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Doing Business in Vietnam
 

Exporting to Vietnam

President Obama announced the National Export Initiative (NEI) two years ago, with the goal of doubling exports by 2014. U.S. embassies are committed to supporting U.S. companies to start exporting or grow their exports to Vietnam. In this section, you’ll find a quick description of Vietnam as an export market and some suggestions for getting started.

Getting Started

As the U.S.-Vietnam Bilateral Trade Agreement opens up new markets for U.S. goods and services, and as Vietnam meets its WTO commitments, the Vietnam market represents the next great opportunity for all types of American companies. However, doing business in Vietnam can still be challenging. The U.S. Commercial Service page for Vietnam provides an overview of economic conditions and opportunities. For further information, the U.S. Commercial Service’s Market Research Library contains more than 100,000 industry and country-specific market reports, authored by our specialists working in overseas posts.

The Library includes the Country Commercial Guide titled “Doing Business In Vietnam” (PDF 2 MB) with chapters covering:

  • Chapter 1: Doing Business In Vietnam
  • Chapter 2: Political and Economic Environment
  • Chapter 3: Selling U.S. Products and Services
  • Chapter 4: Leading Sectors for U.S. Export and Investment
  • Chapter 5: Trade Regulations, Customs and Standards
  • Chapter 6: Investment Climate
  • Chapter 7: Trade and Project Financing
  • Chapter 8: Business Travel
  • Chapter 9: Contacts, Market Research and Trade Events
  • Chapter 10: Guide to Our Services

Contact your local U.S. Export Assistance Center for advice and support on exporting to Vietnam. Contact a Trade Specialist Near You

Contact your local Small Business Development Center (SBDCs). Starting a business can be a challenge, but there is help for you in your area. Small Business Development Centers (SBDCs) are partnerships primarily between the government and colleges/universities administered by the Small Business Administration and aims at giving educational services for small business owners and aspiring entrepreneurs.

Contact in-country business support organizations such as the The American Chamber of Commerce in Ho Chi Minh City or AmCham Hanoi.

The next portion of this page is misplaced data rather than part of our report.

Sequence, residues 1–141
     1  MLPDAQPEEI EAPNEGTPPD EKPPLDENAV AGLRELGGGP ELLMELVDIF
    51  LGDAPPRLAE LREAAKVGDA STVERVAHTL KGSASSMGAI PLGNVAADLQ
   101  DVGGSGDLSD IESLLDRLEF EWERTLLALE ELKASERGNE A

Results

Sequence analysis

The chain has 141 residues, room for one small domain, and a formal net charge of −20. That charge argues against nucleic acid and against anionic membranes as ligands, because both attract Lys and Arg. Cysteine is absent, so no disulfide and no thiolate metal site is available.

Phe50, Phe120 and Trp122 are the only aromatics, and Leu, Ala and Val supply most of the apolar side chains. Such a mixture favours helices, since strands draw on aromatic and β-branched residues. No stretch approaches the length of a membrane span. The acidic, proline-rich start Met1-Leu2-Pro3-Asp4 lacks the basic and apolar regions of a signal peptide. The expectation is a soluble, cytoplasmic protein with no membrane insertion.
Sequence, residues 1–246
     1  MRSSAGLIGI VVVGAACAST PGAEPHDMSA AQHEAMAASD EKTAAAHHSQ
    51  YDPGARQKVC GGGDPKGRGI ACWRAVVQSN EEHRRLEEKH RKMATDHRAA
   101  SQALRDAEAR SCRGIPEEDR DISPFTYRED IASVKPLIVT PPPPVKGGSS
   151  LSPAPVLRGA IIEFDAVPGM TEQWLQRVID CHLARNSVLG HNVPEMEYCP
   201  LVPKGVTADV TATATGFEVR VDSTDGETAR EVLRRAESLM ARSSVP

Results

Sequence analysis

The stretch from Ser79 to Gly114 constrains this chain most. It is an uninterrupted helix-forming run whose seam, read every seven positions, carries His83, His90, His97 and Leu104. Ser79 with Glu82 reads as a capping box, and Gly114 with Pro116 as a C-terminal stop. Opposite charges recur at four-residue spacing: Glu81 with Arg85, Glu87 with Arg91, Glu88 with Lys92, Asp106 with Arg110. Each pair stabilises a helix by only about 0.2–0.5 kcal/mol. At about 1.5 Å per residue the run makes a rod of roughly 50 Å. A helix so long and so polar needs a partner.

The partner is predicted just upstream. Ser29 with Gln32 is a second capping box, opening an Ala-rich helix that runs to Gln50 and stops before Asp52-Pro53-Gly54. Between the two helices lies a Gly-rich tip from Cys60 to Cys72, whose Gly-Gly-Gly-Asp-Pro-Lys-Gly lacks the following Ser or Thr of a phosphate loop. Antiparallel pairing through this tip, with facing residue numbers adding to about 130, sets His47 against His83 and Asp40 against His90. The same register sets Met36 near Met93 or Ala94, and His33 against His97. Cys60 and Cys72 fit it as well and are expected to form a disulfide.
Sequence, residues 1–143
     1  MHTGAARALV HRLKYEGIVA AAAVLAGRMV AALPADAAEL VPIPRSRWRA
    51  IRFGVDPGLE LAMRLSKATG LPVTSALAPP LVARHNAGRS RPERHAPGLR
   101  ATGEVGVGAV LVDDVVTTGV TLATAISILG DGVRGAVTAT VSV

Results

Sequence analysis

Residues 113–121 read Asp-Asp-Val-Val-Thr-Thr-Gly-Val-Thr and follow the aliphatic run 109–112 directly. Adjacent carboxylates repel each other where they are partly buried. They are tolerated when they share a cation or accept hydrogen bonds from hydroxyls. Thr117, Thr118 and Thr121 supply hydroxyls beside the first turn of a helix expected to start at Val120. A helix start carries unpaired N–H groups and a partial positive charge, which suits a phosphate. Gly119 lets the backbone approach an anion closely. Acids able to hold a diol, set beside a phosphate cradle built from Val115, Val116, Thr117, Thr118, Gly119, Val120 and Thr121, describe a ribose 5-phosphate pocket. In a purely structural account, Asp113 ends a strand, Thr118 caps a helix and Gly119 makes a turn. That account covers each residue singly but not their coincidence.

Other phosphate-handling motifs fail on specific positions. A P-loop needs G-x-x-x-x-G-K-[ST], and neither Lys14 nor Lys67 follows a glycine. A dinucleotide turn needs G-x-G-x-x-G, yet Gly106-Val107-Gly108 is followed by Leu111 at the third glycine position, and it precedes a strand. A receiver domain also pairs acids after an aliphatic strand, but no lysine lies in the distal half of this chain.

To make use of business matchmaking services, please visit USCS Vietnam.

Investing in Vietnam

This section provides information for current and potential investors in Vietnam

Potential investors: Getting Started

If you are considering investment in Vietnam here are some steps you may wish to consider as you get started:

Current investors: Staying Connected

If you are a current U.S. investor in Vietnam the U.S Consulate General Ho Chi Minh City wants to stay in touch. Here are a few steps you can take to keep the channels of communication open:

  • Register with the U.S. Consulate General Ho Chi Minh City – If you are active in Vietnam let us know by sending an email to: Office.HoChiMinhCity@trade.gov
  • Add us to your mailing lists – we are always happy to stay informed
  • Subscribe to our Embassy Facebook page or to the Consulate Facebook page.
  • Set up a meeting with the Consulate’s economic or commercial team to discuss any issues that arise

Working in Vietnam

In this section you will find information on business visas, travel advisories, and anti-corruption tools.

Business Visas

For information on obtaining a visa to visit Vietnam go to the Embassy of the Socialist Republic of Vietnam in the United States webpage at http://vietnamembassy-usa.org/services/visa-application-process. You may also want to check out the Vietnamese Embassy’s page Doing Business in Vietnam.

Travel Advisories

Make sure to check the current State Department travel advisory for Vietnam.

FCPA

The Foreign Corrupt Practices Act (FCPA) is an important anti-corruption tool designed to discourage corrupt business practices in favor of free and fair markets. The FCPA prohibits promising, offering, giving or authorizing giving anything of value to a foreign government official where the purpose is to obtain or retain business. These prohibitions apply to U.S. persons, both individuals and companies, and companies that are listed on U.S. exchanges. The statute also requires companies publicly traded in the U.S. to keep accurate books and records and implement appropriate internal controls.

More information on the FCPA can be found here: http://www.fcpa.us/

A party to a transaction seeking to know whether a proposed course of conduct would violate the FCPA can take advantage of the opinion procedure established by the statue. Within 30 days of receiving a description of a proposed course of conduct in writing, the Attorney General will provide the party with a written opinion on whether the proposed conduct would violate the FCPA. Not only do opinions provide the requesting party with a rebuttable presumption that the conduct does not violate the FCPA, but DOJ publishes past opinions which can provide guidance for other companies facing similar situations.

More information on the DOJ opinion procedure can be found here:

http://www.morganlewis.com/documents/fcpa/
FCPAOpinionProcedureReleases.pdf
(PDF 136 KB)

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  • U.S. Export-Import (EXIM) Bank

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